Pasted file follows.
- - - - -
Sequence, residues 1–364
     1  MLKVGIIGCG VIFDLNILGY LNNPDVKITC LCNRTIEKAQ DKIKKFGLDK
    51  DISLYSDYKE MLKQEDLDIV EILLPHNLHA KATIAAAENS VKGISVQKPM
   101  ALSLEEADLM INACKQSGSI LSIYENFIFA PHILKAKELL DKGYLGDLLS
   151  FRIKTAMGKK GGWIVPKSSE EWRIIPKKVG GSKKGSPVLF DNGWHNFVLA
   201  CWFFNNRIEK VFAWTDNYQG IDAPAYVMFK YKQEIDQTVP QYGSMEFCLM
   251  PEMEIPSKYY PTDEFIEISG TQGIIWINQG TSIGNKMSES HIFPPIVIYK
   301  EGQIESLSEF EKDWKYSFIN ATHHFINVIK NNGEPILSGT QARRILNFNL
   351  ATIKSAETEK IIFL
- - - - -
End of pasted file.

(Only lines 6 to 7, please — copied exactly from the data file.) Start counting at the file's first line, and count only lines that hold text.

   201  CWFFNNRIEK VFAWTDNYQG IDAPAYVMFK YKQEIDQTVP QYGSMEFCLM
   251  PEMEIPSKYY PTDEFIEISG TQGIIWINQG TSIGNKMSES HIFPPIVIYK